We often get questions on tipping in Italy. If you are visiting from a country that tipping is commonplace, it is often a good to have a little help about gratuity in Italy.
Tipping is not a big thing in Italy and so you don’t have to feel bad not leaving anything. But in case you feel that your experience was great and you want to show your gratitude with a tip, we have written down so helpful information where you are likely to tip.
You don’t have to tip in restaurants in Italy, but if you have had a really good experience you can always leave a tip. Leaving change on the table is common or around €5 or €10 if you have had a very pleasant time.
High end restaurants have a service charge of around 12%.
Trattoria you can leave a few coins at the table or €5 or €10.
Coperto: you might see a charge and should be clearly stated on the menu (but it can be anywhere on the menu) and may range from 1 to 3 euros per person and is to cover the offset for the price of bread, oil, salt and anything else you might used during your dinner. In Lazio (area where Rome is) there shouldn’t be a coperto charge. It also helps the restaurants, as you have no time limited at your table and can stay as long as you like.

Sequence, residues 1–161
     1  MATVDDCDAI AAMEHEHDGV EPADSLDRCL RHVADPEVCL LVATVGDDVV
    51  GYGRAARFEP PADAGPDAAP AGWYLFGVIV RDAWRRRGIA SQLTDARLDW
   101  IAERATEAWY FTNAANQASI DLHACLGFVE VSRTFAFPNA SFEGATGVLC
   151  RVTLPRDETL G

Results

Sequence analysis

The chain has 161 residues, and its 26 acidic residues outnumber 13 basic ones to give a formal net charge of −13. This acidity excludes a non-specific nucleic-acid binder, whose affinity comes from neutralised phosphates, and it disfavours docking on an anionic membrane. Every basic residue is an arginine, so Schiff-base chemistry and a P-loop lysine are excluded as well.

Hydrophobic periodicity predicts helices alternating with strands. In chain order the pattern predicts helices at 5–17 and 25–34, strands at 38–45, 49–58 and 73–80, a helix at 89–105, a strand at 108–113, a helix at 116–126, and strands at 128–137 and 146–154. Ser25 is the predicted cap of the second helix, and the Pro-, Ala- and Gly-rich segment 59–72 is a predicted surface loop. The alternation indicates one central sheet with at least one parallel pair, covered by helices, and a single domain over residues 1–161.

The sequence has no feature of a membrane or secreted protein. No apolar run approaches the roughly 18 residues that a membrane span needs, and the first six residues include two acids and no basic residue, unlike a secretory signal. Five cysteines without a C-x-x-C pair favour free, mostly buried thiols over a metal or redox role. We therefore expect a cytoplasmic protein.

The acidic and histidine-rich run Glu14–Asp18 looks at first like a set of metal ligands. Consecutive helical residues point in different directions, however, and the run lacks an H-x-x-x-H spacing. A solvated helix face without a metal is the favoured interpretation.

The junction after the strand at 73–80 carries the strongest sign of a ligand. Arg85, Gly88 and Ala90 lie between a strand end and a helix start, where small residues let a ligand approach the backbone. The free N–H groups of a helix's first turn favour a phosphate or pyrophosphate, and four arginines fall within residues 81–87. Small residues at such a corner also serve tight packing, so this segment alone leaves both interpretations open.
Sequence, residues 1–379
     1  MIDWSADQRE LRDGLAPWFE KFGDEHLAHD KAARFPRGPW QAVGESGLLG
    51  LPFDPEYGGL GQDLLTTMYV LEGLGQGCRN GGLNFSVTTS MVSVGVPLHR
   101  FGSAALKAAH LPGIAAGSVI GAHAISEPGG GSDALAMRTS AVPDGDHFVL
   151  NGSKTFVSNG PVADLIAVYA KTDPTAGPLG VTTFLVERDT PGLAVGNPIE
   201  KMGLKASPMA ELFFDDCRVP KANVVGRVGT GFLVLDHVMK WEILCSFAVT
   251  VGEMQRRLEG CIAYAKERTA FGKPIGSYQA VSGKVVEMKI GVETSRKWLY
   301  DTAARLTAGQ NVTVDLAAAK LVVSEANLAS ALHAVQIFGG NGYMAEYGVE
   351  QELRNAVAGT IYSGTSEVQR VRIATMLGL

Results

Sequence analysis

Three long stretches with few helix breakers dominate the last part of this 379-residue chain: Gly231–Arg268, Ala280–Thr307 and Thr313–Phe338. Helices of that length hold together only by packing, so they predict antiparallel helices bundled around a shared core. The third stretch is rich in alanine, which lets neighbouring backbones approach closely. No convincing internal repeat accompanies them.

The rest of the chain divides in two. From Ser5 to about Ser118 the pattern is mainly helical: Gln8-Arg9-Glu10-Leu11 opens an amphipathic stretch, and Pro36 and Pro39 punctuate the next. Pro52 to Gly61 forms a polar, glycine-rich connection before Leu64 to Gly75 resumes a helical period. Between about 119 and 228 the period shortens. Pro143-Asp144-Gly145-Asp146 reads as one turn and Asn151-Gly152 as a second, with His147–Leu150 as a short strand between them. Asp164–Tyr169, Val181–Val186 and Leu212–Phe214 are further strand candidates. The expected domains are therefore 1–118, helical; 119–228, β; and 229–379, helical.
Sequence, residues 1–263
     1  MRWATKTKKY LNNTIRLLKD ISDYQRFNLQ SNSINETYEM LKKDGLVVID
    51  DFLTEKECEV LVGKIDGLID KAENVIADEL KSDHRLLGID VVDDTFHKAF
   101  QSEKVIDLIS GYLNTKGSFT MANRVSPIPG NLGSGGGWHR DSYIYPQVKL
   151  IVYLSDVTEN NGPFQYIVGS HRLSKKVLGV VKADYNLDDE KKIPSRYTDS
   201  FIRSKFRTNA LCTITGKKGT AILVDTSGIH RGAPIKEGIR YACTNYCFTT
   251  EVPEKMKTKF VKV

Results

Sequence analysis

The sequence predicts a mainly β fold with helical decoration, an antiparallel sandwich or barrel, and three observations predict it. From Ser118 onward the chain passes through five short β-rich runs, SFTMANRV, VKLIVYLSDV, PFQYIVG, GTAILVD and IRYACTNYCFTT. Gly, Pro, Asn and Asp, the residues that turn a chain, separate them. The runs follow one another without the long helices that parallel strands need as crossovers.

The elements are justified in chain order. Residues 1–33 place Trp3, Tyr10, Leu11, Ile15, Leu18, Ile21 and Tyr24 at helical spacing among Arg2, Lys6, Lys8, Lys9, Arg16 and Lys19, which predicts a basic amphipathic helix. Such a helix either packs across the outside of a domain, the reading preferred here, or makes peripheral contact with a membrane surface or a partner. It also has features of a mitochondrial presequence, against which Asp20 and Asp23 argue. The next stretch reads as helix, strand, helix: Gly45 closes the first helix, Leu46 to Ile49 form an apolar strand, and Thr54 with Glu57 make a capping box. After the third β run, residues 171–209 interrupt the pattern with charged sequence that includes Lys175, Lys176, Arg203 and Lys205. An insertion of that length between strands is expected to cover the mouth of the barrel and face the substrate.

Tax is usually included in the prices that you see but always best to check that the price is the what is promoted.
Restaurant Etiquette: In Italy it is considered rude to give the client the bill before they have asked for it. Ask the waiter for the bill once you are finished eating.
Tipping in hotels are not required, but it is always appreciated. Porters that carry your bags to your room, €5 is considered a reasonable amount, the concierge who provided a good service, maybe €10 if you have a lot of bags.
For Room Service, it is not necessary to leave, if you do an envelope with a few notes is normal. The doormen generally don’t tend to get anything, but if they hailed a cab or helped with your luggage €5 would be appreciated.
If you do want to tip, generally people don’t tip ‘people in hand’ (giving a tip directly), with change. It is usually a note of €5 or €10.
Generally you don’t tip a taxi driver, but it might be good to round up and leave the change.
Cafe and Bars
Again, this is more of a case of rounding it up, or just leaving the change.
The genera; consensus for tipping the guides is to tip of around €10 to €30 for a half day or €20 to €50 for a full day. It’s not expected but your tour guide will be grateful for the gesture.
Private Cars and drivers
Depends on the service and the distance. For a transfer up to €5 is considered reasonable, for a half a day €10 to €20 and a full day around €30
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